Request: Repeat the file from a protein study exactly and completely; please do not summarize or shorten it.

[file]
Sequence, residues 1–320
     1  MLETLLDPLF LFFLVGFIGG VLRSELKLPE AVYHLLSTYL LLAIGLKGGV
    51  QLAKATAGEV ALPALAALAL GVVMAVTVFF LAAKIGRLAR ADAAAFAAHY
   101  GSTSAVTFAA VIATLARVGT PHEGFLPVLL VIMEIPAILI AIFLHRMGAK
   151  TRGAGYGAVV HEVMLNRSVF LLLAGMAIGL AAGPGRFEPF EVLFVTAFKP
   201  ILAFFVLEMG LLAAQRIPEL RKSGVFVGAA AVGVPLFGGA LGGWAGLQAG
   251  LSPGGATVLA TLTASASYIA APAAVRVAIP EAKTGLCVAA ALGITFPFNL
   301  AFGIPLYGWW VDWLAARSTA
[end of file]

Sequence, residues 1–320
     1  MLETLLDPLF LFFLVGFIGG VLRSELKLPE AVYHLLSTYL LLAIGLKGGV
    51  QLAKATAGEV ALPALAALAL GVVMAVTVFF LAAKIGRLAR ADAAAFAAHY
   101  GSTSAVTFAA VIATLARVGT PHEGFLPVLL VIMEIPAILI AIFLHRMGAK
   151  TRGAGYGAVV HEVMLNRSVF LLLAGMAIGL AAGPGRFEPF EVLFVTAFKP
   201  ILAFFVLEMG LLAAQRIPEL RKSGVFVGAA AVGVPLFGGA LGGWAGLQAG
   251  LSPGGATVLA TLTASASYIA APAAVRVAIP EAKTGLCVAA ALGITFPFNL
   301  AFGIPLYGWW VDWLAARSTA